The conflict in Vietnam, the so-called living room war had take up residence in the place where people lived, and seemed liked it was going to go on forever.
(Biskind, 1999: 60)
The Vietnam War, which had been a permanent fixture of the American landscape for a decade, was finally over, the despised Nixon licking his wounds in disgrace. It seemed as if the antiwar movement had won
(Biskind, 1999: 280)
Francis was in the throes of Apocalypse Now…a film about the Vietnam, a subject that was was still too sensitive for Hollywood to touch.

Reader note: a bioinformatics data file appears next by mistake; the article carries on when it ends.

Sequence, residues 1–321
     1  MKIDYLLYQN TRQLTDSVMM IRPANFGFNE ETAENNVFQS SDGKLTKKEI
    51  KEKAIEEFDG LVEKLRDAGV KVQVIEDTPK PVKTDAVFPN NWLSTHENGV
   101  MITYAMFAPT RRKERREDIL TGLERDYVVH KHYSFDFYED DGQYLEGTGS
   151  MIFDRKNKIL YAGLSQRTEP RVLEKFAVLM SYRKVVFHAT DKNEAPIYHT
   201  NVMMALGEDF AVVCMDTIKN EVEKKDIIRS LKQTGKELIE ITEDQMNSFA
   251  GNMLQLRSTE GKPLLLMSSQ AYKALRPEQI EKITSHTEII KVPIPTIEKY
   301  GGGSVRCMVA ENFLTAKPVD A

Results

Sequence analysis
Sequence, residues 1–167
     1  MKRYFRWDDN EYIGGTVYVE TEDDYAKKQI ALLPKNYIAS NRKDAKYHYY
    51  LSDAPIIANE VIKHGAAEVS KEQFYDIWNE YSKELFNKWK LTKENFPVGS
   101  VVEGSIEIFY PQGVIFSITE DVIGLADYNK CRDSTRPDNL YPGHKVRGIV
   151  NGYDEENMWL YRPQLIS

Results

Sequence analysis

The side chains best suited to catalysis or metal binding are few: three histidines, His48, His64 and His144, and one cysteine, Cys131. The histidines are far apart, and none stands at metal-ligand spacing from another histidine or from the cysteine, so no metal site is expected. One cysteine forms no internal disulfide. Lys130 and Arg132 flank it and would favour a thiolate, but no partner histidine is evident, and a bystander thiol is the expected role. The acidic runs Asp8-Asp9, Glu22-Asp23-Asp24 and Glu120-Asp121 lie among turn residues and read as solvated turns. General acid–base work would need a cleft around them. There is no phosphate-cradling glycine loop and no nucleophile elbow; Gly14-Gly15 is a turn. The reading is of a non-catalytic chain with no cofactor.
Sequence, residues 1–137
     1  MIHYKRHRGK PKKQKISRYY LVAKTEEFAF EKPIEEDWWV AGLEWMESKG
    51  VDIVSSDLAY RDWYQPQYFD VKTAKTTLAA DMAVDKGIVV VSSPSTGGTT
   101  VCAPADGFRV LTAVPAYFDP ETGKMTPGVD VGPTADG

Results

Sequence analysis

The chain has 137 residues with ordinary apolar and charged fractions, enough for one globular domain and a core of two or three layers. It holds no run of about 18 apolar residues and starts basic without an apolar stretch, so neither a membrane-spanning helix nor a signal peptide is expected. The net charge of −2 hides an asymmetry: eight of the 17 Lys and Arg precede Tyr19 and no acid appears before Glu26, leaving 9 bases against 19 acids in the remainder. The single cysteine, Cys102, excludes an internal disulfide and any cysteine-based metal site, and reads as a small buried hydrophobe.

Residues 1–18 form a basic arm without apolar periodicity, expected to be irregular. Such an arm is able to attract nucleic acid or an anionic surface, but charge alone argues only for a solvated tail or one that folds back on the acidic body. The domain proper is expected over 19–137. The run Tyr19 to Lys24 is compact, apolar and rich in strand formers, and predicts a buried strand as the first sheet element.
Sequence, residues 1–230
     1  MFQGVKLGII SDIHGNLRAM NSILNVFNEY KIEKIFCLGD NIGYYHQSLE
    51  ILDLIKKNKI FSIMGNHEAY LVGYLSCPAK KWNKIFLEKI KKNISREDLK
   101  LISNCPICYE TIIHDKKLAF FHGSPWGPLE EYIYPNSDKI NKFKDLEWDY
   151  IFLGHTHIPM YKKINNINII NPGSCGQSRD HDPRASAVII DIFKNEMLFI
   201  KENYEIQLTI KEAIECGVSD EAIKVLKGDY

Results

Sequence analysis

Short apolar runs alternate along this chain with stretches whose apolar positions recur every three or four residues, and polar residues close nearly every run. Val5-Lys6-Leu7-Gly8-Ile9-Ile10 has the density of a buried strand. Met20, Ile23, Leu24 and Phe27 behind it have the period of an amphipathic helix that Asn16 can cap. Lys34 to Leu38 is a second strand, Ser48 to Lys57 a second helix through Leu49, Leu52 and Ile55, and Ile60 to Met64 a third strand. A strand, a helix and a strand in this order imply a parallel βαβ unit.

It was as if Coppola, the last man standing, had inherited the historical obligation of the New Hollywood-to make cinematic art of the seminal event of their generation.
(Biskind, 1999: 346)
Apocalypse revolved around the the issue of parricide. The New Hollywood directors were created in the crucible of generational conflict, and the highly charged relationship between fathers and sons became their core theme. Like the other Vietnam films, Apocalypse was less an attempt to grapple with the war in any realistic way than an occasion to hold up a mirror to the home-front struggles it provoked.
(Biskind, 1999: 374)
Biskind, Peter (1999) Easy Riders, Raging Bulls. London: Bloomsbury Publishing.